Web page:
Roger’s research group at Northwestern, in collaboration with Robinson and researchers at Feinberg, have received a roughly $2 million grant from the National Institutes of Health to deploy the fingernail UV sensors in human clinical studies of sun exposure in cohorts of subjects who are at risk for melanoma. The first pre-pilot field trials launched in December.

“Sunlight is the most potent known carcinogen,” Rogers said. “It’s responsible for more cancers than any other carcinogen known to man, and it’s everywhere — even in Chicago.”

On average, half the U.S. population experiences a sunburn once a year or more, he said, and there are more than a million melanoma survivors in the U.S. alone.

Guive Balooch, Global Vice President of L’Oréal’s Technology Incubator, said the company’s research shows that overexposure to UV rays is a top health and beauty concern of consumers worldwide.

“With this knowledge, we set out to create something that blends problem-solving technology with human-centered design to reach even more consumers who require additional information about their UV exposure,” Balooch said. “Whenever we develop a new technology, our goal is to make an enormous global impact by enhancing consumers’ lives.”

Rogers said the aesthetic design features of UV Sense are also important because they can help break down barriers to adoption. The device can be produced in any color with any pattern, logo or branding.

Last year, Rogers’ cutting-edge invention, the Microfluidic System on the Skin, was selected as an exhibit at New York’s Museum of Modern Art. As the Rogers Lab at Northwestern continues to develop new products, Rogers believes the technology his team developed will have other applications that can help consumers better monitor their health.

“What also excites me is that there’s novelty at the level of the academic science,” said Rogers, the Louis Simpson and Kimberly Querrey Professor of Materials Science and Engineering, Biomedical Engineering and Neurological Surgery in the McCormick School of Engineering and Northwestern University Feinberg School of Medicine. “The resulting technology has strong potential for positive impact on human health.”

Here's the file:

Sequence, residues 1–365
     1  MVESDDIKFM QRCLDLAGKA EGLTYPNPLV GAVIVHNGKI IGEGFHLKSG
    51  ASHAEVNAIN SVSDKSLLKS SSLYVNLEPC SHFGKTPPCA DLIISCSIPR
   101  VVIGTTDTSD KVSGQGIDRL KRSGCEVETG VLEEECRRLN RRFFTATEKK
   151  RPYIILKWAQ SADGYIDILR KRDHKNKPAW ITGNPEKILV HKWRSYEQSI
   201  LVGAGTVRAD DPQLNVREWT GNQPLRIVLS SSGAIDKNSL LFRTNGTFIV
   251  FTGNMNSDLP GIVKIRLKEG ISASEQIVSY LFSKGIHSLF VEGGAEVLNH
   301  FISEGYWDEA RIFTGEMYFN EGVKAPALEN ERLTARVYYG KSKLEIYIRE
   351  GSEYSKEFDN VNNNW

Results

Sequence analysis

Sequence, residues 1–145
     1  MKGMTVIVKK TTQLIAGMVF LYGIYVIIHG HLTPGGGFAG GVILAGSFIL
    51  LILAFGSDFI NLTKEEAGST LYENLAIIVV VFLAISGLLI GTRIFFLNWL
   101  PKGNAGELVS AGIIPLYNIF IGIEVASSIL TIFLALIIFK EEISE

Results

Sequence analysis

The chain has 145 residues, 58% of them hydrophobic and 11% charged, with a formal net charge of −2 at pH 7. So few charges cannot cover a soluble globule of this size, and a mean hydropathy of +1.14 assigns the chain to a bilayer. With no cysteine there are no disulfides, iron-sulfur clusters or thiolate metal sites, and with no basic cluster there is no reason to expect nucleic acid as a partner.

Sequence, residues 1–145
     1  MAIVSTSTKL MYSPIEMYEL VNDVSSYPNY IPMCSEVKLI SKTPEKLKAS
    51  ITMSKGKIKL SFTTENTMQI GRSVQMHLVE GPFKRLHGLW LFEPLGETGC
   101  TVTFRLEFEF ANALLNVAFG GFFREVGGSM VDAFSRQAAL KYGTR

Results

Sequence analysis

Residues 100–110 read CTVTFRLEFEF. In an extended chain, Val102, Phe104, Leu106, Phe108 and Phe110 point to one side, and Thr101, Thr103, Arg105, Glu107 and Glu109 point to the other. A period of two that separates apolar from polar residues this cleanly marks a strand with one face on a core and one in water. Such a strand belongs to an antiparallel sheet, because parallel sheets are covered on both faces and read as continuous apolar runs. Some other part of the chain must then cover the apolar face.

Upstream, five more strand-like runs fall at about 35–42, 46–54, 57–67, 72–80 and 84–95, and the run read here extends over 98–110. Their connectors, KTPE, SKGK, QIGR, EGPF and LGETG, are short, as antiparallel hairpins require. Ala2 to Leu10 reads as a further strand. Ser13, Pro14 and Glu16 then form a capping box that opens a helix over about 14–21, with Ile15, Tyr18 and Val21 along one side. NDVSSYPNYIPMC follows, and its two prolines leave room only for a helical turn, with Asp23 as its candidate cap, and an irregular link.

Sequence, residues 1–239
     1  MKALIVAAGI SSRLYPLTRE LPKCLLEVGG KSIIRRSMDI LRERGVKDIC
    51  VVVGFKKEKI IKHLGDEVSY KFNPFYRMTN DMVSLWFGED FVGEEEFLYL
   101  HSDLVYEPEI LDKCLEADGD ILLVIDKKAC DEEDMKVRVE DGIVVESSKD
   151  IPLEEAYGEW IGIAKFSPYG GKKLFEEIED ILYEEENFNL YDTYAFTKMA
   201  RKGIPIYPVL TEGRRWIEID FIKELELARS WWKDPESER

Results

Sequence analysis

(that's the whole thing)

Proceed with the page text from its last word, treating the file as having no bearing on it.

John Rogers — bio-integrated lab. Designed and manufactured by the Rogers Lab at Northwestern University, the soft, flexible bio-integrated lab is the next generation of wearable technology and has been featured in the Modern Museum of Art (MoMA) in New York.

With skin-like properties, the lab captures, features, and analyzes the chemistry of sweat, with wireless connectivity. But Rogers is already moving beyond sweat to integrate labs with each other, as well as implement the technology in clinical settings: with infants in the hospital, as well as inside the body on the heart and even the brain.

John Rogers is a MacArthur Fellow, a Lemelson-MIT Prize winner, and leads the new Center for Bio-Integrated Electronics at Northwestern’s Simpson Querrey Institute of BioNanotechnology. NorthwesternU. Youtube Jan 9, 2018

Also see
World’s smallest wearable device warns of UV exposure, enables precision phototherapy in Northwestern University
My skin track UV: a battery-free wearable sun safety sensor by La Roche-Posay in L’Oréal
L’Oréal UV sensor sticks to your fingernail in The Verge
L’Oréal new battery-free wearable fits on your thumbnail, measures UV exposure in Digital Trends
Tiny Yves Béhar-designed wearable warns you when you’ve had too much sun in Inhabitat
Wearable technology breakthrough in Northwestern University
Bionic Skin for a Cyborg You in IEEE Spectrum